CSS styling is complex and the order in which elements should be styled is extremely important. The rule of thumb is to always style top level elements first and then the inner elements. For instance, HTML and BODY tags should be styled before styling encapsulated DIV tags.

3 – Understand when to use IDs and Classes

IDs and classes are the most misused styling elements in CSS. However, the difference between the two is simple: Use IDs when you do not want to repeat your style for more than one element and use classes when you want to style multiple elements.

4 – Understand CSS box model

In order to properly position your elements, grab thorough understanding of the CSS box model. CSS box model makes life for developers easier.

5 – Shift to flex-box model

CSS box model is sufficient enough to implement website positioning, however CSS3 has introduced flex-box model that is even simpler. Get hands-on practice of the flex-box model. This is the future of CSS.

6 – Give logical names to Classes and IDs

Classes and IDs should be logically named in the CSS file and should correspond to the tags which they will style. This is important for code organization and debugging.

7 – Center elements via style-sheets

Do not use center tags to center-align the elements. This approach has become obsolete. Rather use style-sheets to center text and areas of the HTML document. This can be done via text-align property and the margin property.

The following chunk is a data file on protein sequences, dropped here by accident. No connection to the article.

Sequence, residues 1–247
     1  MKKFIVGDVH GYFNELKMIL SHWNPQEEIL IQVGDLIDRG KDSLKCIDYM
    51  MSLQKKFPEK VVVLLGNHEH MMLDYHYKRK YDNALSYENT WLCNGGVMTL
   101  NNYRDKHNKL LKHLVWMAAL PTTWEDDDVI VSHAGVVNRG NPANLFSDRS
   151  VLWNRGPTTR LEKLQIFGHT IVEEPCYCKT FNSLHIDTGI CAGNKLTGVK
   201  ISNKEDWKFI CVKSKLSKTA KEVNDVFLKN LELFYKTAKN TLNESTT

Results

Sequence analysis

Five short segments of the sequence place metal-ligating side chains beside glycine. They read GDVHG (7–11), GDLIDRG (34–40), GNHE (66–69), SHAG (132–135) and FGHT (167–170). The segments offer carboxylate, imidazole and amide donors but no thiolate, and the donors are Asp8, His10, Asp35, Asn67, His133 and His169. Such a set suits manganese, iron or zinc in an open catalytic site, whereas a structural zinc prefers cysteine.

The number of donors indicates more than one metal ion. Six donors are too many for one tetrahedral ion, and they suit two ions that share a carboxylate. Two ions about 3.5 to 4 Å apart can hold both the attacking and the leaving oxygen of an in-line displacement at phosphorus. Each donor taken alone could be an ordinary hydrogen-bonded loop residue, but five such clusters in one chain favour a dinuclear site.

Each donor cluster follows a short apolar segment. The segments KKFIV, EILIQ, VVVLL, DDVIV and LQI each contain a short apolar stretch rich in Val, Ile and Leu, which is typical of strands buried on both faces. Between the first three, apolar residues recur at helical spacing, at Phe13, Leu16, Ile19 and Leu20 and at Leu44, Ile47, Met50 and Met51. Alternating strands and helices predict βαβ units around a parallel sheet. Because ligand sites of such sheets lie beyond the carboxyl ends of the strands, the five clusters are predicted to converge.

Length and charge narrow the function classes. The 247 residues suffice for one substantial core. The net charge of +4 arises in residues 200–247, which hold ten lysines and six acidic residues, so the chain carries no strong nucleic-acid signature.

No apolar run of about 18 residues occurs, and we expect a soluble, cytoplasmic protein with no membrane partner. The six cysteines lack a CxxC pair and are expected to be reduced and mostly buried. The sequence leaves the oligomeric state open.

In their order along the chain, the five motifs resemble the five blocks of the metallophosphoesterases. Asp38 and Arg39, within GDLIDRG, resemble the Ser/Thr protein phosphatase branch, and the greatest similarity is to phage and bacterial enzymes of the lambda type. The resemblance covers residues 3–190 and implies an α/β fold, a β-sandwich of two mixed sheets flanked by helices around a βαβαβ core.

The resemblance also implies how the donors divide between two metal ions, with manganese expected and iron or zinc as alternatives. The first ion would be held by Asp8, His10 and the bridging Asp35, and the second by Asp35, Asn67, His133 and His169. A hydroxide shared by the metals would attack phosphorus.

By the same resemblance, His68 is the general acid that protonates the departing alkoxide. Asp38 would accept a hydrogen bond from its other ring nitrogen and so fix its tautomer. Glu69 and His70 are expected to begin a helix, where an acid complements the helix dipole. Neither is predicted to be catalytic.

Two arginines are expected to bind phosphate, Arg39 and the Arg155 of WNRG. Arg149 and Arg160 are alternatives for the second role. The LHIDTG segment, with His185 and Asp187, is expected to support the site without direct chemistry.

8 – Learn to use debugging tools

There are several browser-based debugging tools that can highlight CSS of the page on the fly when you hover your mouse over a particular tag. Two recommended browser based tools are Chrome’s Inspect Element and Mozilla’s Fire Bug.

9 – Switch to CSS3

Though not a standard yet, most of the new development projects are done in HTML5 and CSS3. Sooner or later, CSS3 would become the standard, therefore it is important to have solid foundation of the CSS3 concepts ahead of the time.

10 – Practice, Practice, Practice

There is a myriad of free online resources available where code samples can be downloaded. Whenever you come across some cool visual web element with appealing look and feel, try to inspect its CSS via Firebug or Inspect Element. Remember, practice makes perfect and this rule apply wholly to cascading style sheets as well.